The head of a human resources market research company in China has called for companies, based throughout the nation, to strengthen integrity management processes in China's job market, as well as encouraged government officials to improve relevant laws and regulations.
Tian Yongpo, from the Chinese Academy of Personnel Science, said "integrity at work is even more important in such an era with explosive information about jobs", and added for example the mobility of Chinese labor forces gradually increased from 2010 to 2014.
Tian said, at a forum held by people.com.cn in Beijing on Wednesday, China's floating population grew 12.65 percent, moving from 221 million to 253 million people, from 2010 to 2014.
"Huge information about jobs have accumulated during the process," he said.
"Among explosive information, a problem will certainly arise about information transfer and distortion.
"As a result, our credibility at work is greatly influenced."
His comments came shortly before a survey, published at the forum, which stated more than 80 percent of respondents said the credibility of Chinese workplaces were poor.
The survey collected information from more than 6000 people, as well as 3000 human resources managers, and was carried out by a website that helps companies investigate personal information, 17zhiliao.com, between March 10 and April 10, 2017.
More than half of the respondents to the survey believed dishonest behavior had resulted in a loss to companies and individuals.
Guo Wenlong, the deputy head for Labor Law Studies of Shanghai Law Society, said the "call for a law is natural since one could not get all the information he needs to (determine if a person in focus is credible or not)."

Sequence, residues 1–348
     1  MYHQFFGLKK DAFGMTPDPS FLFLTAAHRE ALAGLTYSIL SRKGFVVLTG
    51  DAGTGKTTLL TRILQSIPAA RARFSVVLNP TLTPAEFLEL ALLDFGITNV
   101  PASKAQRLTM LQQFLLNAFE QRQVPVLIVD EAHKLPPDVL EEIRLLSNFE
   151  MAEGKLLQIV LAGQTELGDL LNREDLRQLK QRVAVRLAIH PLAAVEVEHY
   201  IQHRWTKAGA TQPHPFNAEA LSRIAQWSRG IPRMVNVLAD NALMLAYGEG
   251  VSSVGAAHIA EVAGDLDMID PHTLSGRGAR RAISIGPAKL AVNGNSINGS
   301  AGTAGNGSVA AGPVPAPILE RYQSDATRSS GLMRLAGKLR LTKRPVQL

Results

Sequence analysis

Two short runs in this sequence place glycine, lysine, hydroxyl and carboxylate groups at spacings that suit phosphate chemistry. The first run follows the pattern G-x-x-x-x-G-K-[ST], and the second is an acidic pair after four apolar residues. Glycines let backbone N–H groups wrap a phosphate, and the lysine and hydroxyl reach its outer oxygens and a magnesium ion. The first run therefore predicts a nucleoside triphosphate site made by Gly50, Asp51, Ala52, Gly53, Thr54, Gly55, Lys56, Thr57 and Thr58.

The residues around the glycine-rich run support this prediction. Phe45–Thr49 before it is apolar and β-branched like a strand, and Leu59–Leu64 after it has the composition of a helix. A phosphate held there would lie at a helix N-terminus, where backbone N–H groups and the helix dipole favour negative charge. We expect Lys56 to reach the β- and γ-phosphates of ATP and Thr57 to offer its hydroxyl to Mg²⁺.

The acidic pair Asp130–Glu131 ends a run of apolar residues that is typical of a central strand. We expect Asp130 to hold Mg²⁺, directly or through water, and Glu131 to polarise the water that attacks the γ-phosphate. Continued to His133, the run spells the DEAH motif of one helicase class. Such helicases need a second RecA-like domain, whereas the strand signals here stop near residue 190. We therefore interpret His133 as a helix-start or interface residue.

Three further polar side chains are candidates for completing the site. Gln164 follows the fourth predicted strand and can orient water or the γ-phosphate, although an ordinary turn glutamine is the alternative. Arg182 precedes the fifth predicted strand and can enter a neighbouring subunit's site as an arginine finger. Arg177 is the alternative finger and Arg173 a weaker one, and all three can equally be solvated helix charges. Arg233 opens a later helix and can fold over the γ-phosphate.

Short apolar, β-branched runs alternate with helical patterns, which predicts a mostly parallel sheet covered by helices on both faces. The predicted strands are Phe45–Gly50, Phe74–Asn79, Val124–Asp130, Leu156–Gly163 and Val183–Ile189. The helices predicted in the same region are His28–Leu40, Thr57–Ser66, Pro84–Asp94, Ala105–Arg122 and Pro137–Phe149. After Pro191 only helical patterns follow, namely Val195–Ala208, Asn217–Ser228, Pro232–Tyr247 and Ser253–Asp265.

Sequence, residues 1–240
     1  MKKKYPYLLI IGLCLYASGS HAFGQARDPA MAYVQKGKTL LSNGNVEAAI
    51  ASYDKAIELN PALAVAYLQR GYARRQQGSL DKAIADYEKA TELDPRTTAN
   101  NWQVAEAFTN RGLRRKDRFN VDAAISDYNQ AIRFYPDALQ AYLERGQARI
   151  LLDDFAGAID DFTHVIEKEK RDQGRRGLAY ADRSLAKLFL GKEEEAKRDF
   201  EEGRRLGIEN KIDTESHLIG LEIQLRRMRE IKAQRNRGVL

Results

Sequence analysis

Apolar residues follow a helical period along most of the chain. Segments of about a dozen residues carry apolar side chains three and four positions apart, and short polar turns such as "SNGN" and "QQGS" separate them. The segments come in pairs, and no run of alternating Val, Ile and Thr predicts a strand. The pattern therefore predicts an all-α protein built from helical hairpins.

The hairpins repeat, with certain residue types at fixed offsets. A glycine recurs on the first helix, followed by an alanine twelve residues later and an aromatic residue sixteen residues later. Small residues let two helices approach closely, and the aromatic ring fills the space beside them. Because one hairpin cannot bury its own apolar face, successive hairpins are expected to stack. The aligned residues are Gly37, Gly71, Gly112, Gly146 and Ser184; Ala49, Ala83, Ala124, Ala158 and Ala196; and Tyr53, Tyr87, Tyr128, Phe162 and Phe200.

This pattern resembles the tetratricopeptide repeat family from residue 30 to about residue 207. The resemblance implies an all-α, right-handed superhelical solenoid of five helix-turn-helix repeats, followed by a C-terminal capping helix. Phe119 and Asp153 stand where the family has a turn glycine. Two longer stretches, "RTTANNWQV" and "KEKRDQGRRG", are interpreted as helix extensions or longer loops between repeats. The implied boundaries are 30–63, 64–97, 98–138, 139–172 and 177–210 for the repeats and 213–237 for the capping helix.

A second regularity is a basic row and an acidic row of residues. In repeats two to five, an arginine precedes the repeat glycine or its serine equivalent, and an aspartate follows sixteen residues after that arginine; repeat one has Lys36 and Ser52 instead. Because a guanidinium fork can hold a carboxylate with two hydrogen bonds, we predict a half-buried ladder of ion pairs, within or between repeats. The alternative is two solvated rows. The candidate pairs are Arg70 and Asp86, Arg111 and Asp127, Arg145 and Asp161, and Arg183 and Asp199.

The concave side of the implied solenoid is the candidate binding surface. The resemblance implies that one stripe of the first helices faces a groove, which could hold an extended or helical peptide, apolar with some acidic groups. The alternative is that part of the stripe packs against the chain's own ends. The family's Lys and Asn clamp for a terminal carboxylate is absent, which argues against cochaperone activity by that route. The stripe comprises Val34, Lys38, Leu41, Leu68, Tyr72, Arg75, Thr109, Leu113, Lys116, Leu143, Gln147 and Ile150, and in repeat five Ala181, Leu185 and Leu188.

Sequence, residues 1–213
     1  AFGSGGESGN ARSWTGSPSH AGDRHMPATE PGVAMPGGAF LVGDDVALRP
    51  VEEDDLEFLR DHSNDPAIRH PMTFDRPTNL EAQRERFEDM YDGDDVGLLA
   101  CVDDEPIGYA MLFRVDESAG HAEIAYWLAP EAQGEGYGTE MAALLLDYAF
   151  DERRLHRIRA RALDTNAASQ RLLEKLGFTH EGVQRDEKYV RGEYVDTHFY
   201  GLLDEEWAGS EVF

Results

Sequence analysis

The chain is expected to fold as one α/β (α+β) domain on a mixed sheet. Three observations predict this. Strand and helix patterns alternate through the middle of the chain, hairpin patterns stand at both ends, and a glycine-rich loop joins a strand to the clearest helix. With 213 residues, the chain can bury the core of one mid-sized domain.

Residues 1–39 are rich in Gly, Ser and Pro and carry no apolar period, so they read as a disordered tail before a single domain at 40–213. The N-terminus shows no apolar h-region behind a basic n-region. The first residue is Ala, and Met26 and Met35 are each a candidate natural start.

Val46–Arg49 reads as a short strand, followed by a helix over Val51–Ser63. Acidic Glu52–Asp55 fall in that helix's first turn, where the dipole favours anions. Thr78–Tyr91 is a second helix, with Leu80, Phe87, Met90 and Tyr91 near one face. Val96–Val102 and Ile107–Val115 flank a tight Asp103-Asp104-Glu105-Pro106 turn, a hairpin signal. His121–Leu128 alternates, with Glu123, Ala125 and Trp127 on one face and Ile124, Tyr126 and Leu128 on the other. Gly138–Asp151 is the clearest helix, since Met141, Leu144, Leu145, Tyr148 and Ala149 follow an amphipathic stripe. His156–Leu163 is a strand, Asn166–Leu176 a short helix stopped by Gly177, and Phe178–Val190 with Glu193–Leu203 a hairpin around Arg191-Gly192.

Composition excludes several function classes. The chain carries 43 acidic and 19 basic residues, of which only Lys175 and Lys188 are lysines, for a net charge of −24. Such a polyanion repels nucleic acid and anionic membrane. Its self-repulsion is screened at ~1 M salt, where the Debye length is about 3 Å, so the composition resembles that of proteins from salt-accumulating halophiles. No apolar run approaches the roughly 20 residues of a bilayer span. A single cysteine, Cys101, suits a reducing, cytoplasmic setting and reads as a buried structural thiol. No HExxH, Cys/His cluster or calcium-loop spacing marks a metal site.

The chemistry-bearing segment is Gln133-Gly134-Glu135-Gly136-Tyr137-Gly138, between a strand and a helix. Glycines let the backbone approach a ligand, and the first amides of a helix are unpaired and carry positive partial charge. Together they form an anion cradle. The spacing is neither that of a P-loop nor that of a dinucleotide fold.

Guo went on to mention authority figures should improve laws and regulations on the non-competition agreement in the labor law, as the occasional employee has operated in a grey area to avoid company requirements and restrictions.
HR managers listed the worst behavior as missing job interviews, slacking off at work and even job-hopping.
Individuals overstating work performance and experience, as well as falsifying their educational background, were recorded as the most common dishonest behaviors to be seen.
To avoid hiring these types of candidates, 97 percent of HR mangers believed it was necessary to investigate the information job seekers' provided during the early stages of recruitment.
More than 90 percent of job seekers agreed to the necessity of a background check; however, most people believed companies should seek the candidate's approval before undertaking their enquiries.
Li Aijun, a law professor with the China University of Political Science and Law, urged companies to follow China's rules, regulations and laws while undertaking investigations into personal information.
She cautioned the act of obtaining sickness records, property information and particular criminal history records, as these acts could become illegal after a certain point.
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